When we get to the seats some important things have to happen.  First off we put down the backpack filled with our food.  We usually give it its own seat.  My Mom makes us sandwiches and my Dad packs the snacks from home into the bag each night for the week.  Next the seat saver goes down.  What is a seat saver, well it is the extra jacket I have brought in tucked under my arm.  As the seating is rush you have to plan to save the ones you want. There is no way the rest of the day can be done without using the washrooms so a seat saver is necessary to make sure you have a permanent home for the day.  I have a lot of track jackets from different coaching gigs, and I am no stranger to putting on wait so many aren’t flattering as wearables, but make great seat savers.  Now that the seat saver is in place we can sit down.  The game is probably still 15 or 20 minutes away so quickly flip open the breakaway magazine and read through what is in there.  For volunteer work it is a great read, actually it is a great read regardless, the volunteers do a great job of it. One year my Mom edited the Breakaway and I contributed a daily section (much more refined than this blog thanks to my Mom’s editing) it was a good amount of work.

The rest of the day is going to be 5 repeats of the exact same thing.  The players come out for the ten minute warm up, I go through the list of players who are on WHL protected lists (thanks to Alan Caldwell’s blog). From there the game starts and My Dad and I banter back and forth about the game.  Admiring the great plays and great players, watching how the coaches interact with their players and chuckling a little at the couple of crazy hockey parents.  Each game is the same.  A quick walk to the bathroom in the odd intermission and maybe a peak at the action going on in the connected rink hosting the girls tournament but no other changes.  We sit there game after game.

Finally the last game ends, somewhere between 10:15PM and 10:30PM.  We collect our backpack, programs and seat savers and head out.  Usually the parking lot has emptied out a bit by this time of night, few people not connected to the teams or absolute die hards chose to stay that late.  We walk through the cold to the frozen vehicle and fire it up to go home.  The past couple of years my wife has attended the final game of the day and she is my ride home.  As My Dad and I part ways we confirm the plan for pick up the next morning.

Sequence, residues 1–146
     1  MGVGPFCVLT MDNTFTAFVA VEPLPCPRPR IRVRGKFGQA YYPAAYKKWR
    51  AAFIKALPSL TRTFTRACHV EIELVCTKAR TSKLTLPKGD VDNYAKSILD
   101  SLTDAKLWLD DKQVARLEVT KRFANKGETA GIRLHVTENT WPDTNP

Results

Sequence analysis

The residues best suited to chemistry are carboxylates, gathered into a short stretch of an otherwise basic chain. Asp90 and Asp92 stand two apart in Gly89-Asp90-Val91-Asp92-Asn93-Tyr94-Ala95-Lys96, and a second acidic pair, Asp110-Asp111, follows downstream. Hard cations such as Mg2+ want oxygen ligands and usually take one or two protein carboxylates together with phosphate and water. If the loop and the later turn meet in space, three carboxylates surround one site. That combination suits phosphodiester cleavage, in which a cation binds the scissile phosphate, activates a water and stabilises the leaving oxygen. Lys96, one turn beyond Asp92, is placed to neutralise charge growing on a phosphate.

I get home somewhere around 11PM, heat up some leftovers and sit down for a dinner. I flip open my magazine and grab the computer.  I look at the scores online from the other arena and start to get excited for the next days games.  Seeing which ones will have pool winner implications and which ones might be a little on the downer side.  In the past few years I have been lucky enough to get to know the coaching staffs of 3 of the 5 Calgary area teams.  I always like to circle their games so that I can quietly cheer for the guys I know.  We don’t really pick teams to cheer for but coaching is a bit of fraternity.  When you get to know a guy or his family you always want to see him have success.  It can be lonely cause parents suck and everyone thinks they know better, so I figure someone should be their fans too.  After I have completed my leftovers and reviewing the upcoming games I wonder up to bed around 1130PM.  Hop in the shower, curl up with my wife and we talk about our days.  Mine is short because it was just hockey, she actually has a life.  This year I added blogging to that.  Finally I get to sleep and grab somewhere between 6 and 7 hours of rest before it all starts again.

Some tips for those thinking of participating in the Macs diehard program.

1. Get a seat saver

2. I don’t drink coffee for the rest of the year but you are going to need it this week.  It is warm on the hands and the caffeine helps

3. Don’t pick a team to follow they will undoubtedly lose their first 2 games eliminating themselves.

4. Don’t care about who plays just enjoy the games, and when the games are bad remember a good one might be right around the corner.

5.  Enjoy the talented players, I have been lucky to see some of the best.

6. Don’t worry about bad officiating that is part of the Macs tradition.

7. Get used to a sore ass, the seats are hard.

8. Don’t plan to eat rink for, first off it is crazy expensive and second it sucks shit.  Plus if you eat it all week, you will get sick.

9. To stay from beginning to end bring a fried (a Dad is perfect) and a book to entertain yourself.

10.  Remember these are the best seven days of the year and savour every minute.

My whole childhood I dreamt of being a participant in this tournament.  I sucked at hockey and wasn’t going to make it to this level.  I envy the players and coaches whose name are in the programs I keep, they are living my dream.  But I realize that few people experience the Macs the way I do and I actually get to live the dream each year for seven days.  See you at next years Macs.